Attitude Check: Are Our Prayers Selfish? (1 Sam 3.17)

“May God do so to you and more also, if you hide anything from me of all that he told you.”

1 Samuel 3.17


In the last passage, we read of Samuel’s birth and his mother’s vow to dedicate him to God. When he was old enough, he went to live with the prophet Eli to serve at the temple. We also read that Eli’s sons were scoundrels, and not fit for the work at the temple.

At some point (we do not know when), a man comes to Eli with a message from God. He denounces Eli because of his wayward sons. Though Eli was faithful to God, he failed to rein in his sons. Because he allowed their behavior and allowed God’s temple to be sullied, God is going to cut off his family. In their place, God will choose another to lead Israel.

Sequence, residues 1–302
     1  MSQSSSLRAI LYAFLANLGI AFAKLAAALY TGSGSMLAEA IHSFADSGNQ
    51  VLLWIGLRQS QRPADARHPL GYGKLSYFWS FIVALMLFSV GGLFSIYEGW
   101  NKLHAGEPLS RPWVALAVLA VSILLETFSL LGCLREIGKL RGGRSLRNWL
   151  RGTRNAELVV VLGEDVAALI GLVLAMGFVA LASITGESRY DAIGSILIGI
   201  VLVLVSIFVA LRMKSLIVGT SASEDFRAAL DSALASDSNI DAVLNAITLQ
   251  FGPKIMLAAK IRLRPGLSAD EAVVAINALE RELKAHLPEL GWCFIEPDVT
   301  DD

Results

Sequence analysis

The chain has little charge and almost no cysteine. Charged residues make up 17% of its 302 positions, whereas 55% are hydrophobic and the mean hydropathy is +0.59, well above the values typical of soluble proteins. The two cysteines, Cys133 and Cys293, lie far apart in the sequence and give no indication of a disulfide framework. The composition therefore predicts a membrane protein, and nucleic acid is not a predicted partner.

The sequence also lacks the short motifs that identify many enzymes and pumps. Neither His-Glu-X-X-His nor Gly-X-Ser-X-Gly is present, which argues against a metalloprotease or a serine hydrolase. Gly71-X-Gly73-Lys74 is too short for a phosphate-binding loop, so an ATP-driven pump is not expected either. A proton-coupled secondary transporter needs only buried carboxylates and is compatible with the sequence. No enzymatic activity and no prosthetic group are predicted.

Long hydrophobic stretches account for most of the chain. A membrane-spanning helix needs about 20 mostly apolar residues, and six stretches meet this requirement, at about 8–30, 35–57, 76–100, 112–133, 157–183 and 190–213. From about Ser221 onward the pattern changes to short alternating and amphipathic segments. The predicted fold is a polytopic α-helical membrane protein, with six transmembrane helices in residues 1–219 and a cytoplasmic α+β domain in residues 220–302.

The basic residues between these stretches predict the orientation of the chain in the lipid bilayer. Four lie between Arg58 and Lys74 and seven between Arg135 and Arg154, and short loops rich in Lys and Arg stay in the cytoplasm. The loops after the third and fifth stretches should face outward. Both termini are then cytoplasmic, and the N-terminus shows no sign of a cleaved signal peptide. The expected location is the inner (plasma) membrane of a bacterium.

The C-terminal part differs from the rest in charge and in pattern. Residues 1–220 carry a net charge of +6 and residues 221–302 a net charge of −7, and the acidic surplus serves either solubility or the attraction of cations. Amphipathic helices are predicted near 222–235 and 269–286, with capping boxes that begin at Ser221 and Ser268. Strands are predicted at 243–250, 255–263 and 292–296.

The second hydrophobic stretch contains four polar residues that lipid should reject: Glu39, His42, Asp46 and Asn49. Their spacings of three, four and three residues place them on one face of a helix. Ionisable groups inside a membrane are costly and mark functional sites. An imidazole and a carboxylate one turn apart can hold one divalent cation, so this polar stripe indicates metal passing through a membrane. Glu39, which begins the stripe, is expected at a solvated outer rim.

One night, as he lay in bed, the boy Samuel hears a voice calling him. Thinking it is Eli, he runs to the old man. Eli tells Samuel that he did not call him. Samuel returns to bed, but hears the voice again and runs to Samuel. When it happens a third time, Eli realizes that the voice might be God speaking. He tells Samuel that if he hears the voice again, he should respond, “Speak, LORD, for your servant is listening.”

Samuel does so, and indeed it is God. He tells Samuel that He is about to do something stunning. Just as the messenger said to Eli, God will cut off the family of Eli because of the sons’ behavior and lack of courage from the father.

The next morning, Eli asks Samuel about the voice. We can understand why Samuel does not want to tell him. Eli insists and even offers a curse-prayer if Samuel does not tell him everything. When Samuel repeats the message, Eli responds with resignation: so be it, let God do what he will.